Tag Archives: The MagPi

(Raspberry) Pi Commander | The MagPi 95

Post Syndicated from Rob Zwetsloot original https://www.raspberrypi.org/blog/pi-commander-the-magpi-95/

Adrien Castel’s idea of converting an old electronic toy into a retro games machine was no flight of fancy, as David Crookes discovers

The 1980s was a golden era for imaginative electronic toys. Children would pester their parents for a Tomytronic 3D or a Nintendo Game & Watch. And they would enviously eye anyone who had a Tomy Turnin’ Turbo Dashboard with its promise of replicating the thrill of driving (albeit without the traffic jams).

All of the buttons, other than the joystick, are original to the toy – as are the seven red LED lights

Two years ago, maker Matt Brailsford turned that amazing toy into a fully working Out Run arcade machine and Adrien Castel was smitten. “I loved the fact that he’d upcycled an old toy and created something that could be enjoyed as a grown-up,” he says. “But I wanted to push the simulation a bit further and I thought a flying sim could do the trick.”

“I didn’t want to modify the look of the toy”

Ideas began flying around Adrien’s mind. “I knew what I wanted to achieve so I made an overall plan in my head,” he recalls. First he found the perfect toy: a battery-powered Sky Fighter F-16 tabletop game made by Dival. He then decided to base his build around a Raspberry Pi 3A+. “It’s the perfect hardware for projects like this because of its flexibility,” Adrien says.

Taking off

The toy needed some work. Its original bright red joystick was missing and Adrien knew he’d have to replace the original screen with a TFT LCD. To do this, he 3D-printed a frame to fit the TFT display and he created a smaller base for the replacement joystick. Adrien also changed the microswitches for greater sensitivity but he didn’t go overboard with the changes.

The games can make use of the full screen. Adrien would have liked a larger screen, but the original ratio oddly lay between 4:3 and 16:9, making a bigger display harder to find

“I knew I would have to adapt some parts for the joystick and for the screen, but I didn’t want to modify the look of the toy,” Adrien explains. “To be honest, modifying the toy would have involved some sanding and painting and I was worried that it would ruin the overall effect of the project if it was badly executed.”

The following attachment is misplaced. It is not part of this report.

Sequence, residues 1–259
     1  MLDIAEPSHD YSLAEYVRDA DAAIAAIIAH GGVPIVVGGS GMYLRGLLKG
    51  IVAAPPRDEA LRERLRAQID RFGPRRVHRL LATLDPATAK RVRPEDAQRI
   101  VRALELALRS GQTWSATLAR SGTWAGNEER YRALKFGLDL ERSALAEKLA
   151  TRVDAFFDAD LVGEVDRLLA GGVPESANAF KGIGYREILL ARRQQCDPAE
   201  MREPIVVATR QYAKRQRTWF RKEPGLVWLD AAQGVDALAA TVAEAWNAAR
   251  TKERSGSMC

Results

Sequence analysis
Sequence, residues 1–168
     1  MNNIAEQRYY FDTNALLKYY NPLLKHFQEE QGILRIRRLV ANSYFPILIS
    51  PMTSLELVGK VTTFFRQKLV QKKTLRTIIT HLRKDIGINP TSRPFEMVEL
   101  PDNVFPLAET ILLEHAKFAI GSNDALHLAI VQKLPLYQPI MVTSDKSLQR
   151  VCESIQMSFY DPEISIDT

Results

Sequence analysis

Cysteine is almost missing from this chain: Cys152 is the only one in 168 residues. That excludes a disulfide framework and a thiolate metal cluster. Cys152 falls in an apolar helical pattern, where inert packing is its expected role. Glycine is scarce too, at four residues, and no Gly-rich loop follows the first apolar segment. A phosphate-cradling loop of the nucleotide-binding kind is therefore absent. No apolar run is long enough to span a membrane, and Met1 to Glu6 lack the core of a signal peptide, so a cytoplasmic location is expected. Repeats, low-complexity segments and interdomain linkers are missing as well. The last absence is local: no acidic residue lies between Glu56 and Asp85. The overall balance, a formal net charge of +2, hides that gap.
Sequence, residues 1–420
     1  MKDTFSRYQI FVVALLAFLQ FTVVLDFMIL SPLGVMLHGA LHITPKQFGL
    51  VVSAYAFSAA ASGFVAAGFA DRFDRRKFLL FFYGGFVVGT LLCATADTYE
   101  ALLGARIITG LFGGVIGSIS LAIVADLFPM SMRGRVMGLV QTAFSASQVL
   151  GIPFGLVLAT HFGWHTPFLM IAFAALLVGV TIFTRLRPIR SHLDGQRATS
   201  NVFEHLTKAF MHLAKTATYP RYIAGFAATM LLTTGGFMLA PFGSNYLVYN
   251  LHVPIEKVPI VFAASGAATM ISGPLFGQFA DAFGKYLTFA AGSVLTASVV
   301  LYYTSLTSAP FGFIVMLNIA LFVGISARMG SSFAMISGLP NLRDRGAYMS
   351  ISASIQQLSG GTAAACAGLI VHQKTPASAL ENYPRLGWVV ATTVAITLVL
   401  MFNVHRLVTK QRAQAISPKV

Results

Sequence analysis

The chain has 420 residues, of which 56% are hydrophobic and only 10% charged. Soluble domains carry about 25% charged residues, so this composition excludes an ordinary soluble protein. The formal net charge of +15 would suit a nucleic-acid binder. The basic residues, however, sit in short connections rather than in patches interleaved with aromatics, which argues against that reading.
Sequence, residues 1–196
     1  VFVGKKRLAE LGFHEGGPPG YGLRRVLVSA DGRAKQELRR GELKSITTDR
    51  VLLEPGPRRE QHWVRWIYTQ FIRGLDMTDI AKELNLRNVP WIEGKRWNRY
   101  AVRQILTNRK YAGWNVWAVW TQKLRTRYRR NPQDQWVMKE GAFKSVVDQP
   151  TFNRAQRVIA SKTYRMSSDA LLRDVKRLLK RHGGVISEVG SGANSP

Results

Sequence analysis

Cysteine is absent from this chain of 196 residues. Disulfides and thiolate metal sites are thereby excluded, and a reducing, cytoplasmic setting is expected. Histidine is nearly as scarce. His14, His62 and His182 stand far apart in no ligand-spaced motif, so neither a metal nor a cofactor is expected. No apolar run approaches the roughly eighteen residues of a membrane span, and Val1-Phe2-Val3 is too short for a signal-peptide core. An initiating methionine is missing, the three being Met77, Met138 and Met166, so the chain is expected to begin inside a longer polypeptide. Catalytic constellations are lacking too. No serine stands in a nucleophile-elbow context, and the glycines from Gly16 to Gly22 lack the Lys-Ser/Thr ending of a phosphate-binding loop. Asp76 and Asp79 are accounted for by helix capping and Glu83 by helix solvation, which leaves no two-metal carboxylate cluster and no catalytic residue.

A Raspberry Pi 3A+ sits at the heart of the Pi Commander, alongside a mini audio amplifier, and it’s wired up to components within the toy

As such, a challenge was set. “I had to keep most of the original parts such as throttle levers and LEDs and adapt them to the new build,” he says. “This meant getting them to work together with the system and it also meant using the original PCB, getting rid of the components and re-routing the electronics to plug on the GPIOs.”

There were some enhancements. Adrien soldered a PAM8403 3W class-D audio amplifier to Raspberry Pi and this allowed a basic speaker to replace the original for better sound. But there were some compromises too.

The original PCB was used and the electronics were re-routed. All the components need to work between 3.3 to 5V with the lowest possible amperage while fitting into a tight space

“At first I thought the screen could be bigger than the one I used, but the round shape of the cockpit didn’t give much space to fit a screen larger than four inches.” He also believes the project could be improved with a better joystick: “The one I’ve used is a simple two-button arcade stick with a jet fighter look.”

Flying high

By using the retro gaming OS Recalbox (based on EmulationStation and RetroArch), however, he’s been able to perfect the overall feel. “Recalbox allowed me to create a custom front end that matches the look of a jet fighter,” he explains. It also means the Pi Commander plays shoot-’em-up games alongside open-source simulators like FlightGear (flightgear.org). “It’s a lot of fun.”

Read The MagPi for free!

Find more fantastic projects, tutorials, and reviews in The MagPi #93, out now! You can get The MagPi #95 online at our store, or in print from all good newsagents and supermarkets. You can also access The MagPi magazine via our Android and iOS apps.

Don’t forget our super subscription offers, which include a free gift of a Raspberry Pi Zero W when you subscribe for twelve months.

And, as with all our Raspberry Pi Press publications, you can download the free PDF from our website.

The post (Raspberry) Pi Commander | The MagPi 95 appeared first on Raspberry Pi.

Monitoring bees with a Raspberry Pi and BeeMonitor

Post Syndicated from Alex Bate original https://www.raspberrypi.org/blog/monitoring-bees-with-a-raspberry-pi-and-beemonitor/

Keeping an eye on bee life cycles is a brilliant example of how Raspberry Pi sensors help us understand the world around us, says Rosie Hattersley

The setup featuring an Arduino, RF receiver, USB cable and Raspberry Pi